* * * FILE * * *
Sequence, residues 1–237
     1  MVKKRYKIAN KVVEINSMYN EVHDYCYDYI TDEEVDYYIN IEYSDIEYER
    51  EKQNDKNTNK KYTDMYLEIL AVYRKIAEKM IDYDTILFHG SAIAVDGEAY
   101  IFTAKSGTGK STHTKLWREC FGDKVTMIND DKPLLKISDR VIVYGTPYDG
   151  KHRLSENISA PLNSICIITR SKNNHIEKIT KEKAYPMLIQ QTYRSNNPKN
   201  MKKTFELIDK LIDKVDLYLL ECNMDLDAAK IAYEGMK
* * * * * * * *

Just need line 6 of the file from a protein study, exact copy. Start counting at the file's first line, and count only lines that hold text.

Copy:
   201  MKKTFELIDK LIDKVDLYLL ECNMDLDAAK IAYEGMK